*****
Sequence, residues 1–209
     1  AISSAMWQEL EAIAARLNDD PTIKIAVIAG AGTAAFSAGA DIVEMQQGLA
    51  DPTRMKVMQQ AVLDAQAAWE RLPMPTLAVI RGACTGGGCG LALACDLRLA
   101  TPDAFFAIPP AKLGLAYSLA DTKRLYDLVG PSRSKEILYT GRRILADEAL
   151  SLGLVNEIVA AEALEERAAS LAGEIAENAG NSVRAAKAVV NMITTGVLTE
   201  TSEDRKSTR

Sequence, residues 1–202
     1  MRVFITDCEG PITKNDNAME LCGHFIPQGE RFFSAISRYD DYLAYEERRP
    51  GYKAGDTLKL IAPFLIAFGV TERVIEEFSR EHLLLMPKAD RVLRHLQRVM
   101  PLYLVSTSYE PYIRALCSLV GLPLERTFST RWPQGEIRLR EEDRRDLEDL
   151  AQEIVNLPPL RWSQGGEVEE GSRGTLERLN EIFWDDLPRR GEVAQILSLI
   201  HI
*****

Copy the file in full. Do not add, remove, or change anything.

Sequence, residues 1–209
     1  AISSAMWQEL EAIAARLNDD PTIKIAVIAG AGTAAFSAGA DIVEMQQGLA
    51  DPTRMKVMQQ AVLDAQAAWE RLPMPTLAVI RGACTGGGCG LALACDLRLA
   101  TPDAFFAIPP AKLGLAYSLA DTKRLYDLVG PSRSKEILYT GRRILADEAL
   151  SLGLVNEIVA AEALEERAAS LAGEIAENAG NSVRAAKAVV NMITTGVLTE
   201  TSEDRKSTR

Sequence, residues 1–202
     1  MRVFITDCEG PITKNDNAME LCGHFIPQGE RFFSAISRYD DYLAYEERRP
    51  GYKAGDTLKL IAPFLIAFGV TERVIEEFSR EHLLLMPKAD RVLRHLQRVM
   101  PLYLVSTSYE PYIRALCSLV GLPLERTFST RWPQGEIRLR EEDRRDLEDL
   151  AQEIVNLPPL RWSQGGEVEE GSRGTLERLN EIFWDDLPRR GEVAQILSLI
   201  HI